Bloomberg analysis shows false aloe claims on certain store brand gels
A chemical analysis commissioned by Bloomberg News revealed that aloe gel purchased from Walmart, Target and CVS contained no indications of aloe vera, according to an article posted Nov. 22 on Bloomberg.com. The products all listed aloe barbadensis leaf juice as the first or second ingredient after water, the article stated.
“You have to be very careful when you select and use aloe products,” Tod Cooperman, president of White Plains, N.Y.-headquartered ConsumerLab.com (not the lab that conducted the analysis), told Bloomberg News.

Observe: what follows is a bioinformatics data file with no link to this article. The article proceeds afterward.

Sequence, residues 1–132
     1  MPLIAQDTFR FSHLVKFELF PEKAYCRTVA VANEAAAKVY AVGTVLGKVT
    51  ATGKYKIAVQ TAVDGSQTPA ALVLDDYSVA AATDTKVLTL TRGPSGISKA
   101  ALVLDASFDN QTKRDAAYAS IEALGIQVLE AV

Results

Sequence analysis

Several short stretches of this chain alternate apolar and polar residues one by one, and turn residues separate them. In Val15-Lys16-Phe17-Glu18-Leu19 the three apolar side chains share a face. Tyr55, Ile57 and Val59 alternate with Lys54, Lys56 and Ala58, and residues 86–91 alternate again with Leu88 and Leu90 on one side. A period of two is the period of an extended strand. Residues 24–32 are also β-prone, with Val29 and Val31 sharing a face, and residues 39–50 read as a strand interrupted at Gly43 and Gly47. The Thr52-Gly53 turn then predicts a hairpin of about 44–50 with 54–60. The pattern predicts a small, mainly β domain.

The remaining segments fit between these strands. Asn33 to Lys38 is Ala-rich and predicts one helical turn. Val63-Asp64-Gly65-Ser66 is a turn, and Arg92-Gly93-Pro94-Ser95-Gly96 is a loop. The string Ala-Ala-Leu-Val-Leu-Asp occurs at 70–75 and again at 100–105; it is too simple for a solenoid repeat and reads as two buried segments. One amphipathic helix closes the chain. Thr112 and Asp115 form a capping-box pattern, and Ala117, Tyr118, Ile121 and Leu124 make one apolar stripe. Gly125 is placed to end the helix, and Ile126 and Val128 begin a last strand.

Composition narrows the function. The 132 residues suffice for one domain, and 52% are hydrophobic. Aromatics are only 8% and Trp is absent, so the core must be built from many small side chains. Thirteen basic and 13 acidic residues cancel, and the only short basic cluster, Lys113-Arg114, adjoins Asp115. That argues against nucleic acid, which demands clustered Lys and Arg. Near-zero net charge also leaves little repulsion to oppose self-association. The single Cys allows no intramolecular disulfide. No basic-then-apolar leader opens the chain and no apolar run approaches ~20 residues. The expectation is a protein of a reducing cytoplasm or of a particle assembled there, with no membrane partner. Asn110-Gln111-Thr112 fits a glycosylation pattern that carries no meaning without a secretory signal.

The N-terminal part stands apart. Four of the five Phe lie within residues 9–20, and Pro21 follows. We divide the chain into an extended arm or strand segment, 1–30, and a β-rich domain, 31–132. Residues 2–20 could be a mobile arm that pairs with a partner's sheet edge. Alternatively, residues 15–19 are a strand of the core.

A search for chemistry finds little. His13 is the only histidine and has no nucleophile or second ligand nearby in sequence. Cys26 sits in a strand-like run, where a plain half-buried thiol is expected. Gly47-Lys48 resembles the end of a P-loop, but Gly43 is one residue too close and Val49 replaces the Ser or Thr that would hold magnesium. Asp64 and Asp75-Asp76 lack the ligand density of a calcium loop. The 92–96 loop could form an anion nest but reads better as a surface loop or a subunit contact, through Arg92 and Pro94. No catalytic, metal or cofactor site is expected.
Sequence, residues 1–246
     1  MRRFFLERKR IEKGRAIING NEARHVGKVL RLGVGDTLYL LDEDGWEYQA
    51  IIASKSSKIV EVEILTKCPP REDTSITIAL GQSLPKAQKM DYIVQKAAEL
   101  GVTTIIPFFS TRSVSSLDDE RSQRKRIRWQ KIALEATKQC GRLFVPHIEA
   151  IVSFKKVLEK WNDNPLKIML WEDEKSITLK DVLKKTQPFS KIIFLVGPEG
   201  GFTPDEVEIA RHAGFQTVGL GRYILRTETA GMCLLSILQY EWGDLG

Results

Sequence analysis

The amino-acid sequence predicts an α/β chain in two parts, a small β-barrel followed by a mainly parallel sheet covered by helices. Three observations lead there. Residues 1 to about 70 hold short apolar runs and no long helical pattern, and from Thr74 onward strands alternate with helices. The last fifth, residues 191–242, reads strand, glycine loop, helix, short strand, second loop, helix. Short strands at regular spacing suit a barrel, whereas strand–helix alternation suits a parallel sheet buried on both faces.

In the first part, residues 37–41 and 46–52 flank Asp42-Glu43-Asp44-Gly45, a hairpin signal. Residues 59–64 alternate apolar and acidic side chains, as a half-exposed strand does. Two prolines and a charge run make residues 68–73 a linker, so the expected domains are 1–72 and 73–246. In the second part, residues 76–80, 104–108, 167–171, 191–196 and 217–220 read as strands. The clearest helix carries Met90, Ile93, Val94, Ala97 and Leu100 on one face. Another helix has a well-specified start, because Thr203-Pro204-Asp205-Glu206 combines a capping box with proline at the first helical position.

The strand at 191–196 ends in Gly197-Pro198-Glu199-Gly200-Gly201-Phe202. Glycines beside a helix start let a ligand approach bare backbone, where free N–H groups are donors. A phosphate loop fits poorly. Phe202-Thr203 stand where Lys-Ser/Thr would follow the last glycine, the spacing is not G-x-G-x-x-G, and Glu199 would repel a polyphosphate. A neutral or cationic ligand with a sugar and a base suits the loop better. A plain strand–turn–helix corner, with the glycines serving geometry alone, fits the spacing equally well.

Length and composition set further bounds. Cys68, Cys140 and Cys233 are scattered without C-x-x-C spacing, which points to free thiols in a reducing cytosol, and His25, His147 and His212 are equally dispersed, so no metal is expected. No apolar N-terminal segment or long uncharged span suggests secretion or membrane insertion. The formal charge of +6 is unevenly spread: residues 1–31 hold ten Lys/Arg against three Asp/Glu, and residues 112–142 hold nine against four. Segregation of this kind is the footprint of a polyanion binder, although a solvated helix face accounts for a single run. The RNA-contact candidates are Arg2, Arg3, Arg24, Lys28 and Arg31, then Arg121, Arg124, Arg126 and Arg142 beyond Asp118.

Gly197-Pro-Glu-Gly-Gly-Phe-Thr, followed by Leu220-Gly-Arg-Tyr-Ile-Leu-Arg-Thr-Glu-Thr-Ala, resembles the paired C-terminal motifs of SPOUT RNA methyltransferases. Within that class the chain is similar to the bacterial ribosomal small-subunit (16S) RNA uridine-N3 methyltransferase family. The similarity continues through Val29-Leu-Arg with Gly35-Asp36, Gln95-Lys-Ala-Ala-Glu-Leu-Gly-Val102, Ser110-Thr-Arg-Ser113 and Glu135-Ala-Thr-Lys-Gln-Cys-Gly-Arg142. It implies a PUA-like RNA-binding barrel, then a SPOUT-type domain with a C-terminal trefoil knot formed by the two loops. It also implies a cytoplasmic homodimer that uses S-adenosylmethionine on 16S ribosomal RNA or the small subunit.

The laboratory analysis found no trace of the three chemical markers for aloe — malic acid, acemannan and glucose — in the aloe gel samples from Walmart, Target and CVS. “The three samples contained a cheaper element called maltodextrin, a sugar sometimes used to imitate aloe,” the Bloomberg.com article stated.
The products analyzed included Walmart’s Equate Aloe After Sun Gel, Target’s Up & Up Aloe Vera Gel and CVS’s Aftersun Aloe Vera Moisturizing Gel. Also tested, Walgreens’ Alcohol Free Aloe Vera Body Gel contained one of the three markers for aloe vera. For more information, read the article at http://tinyurl.com/h95dwfx.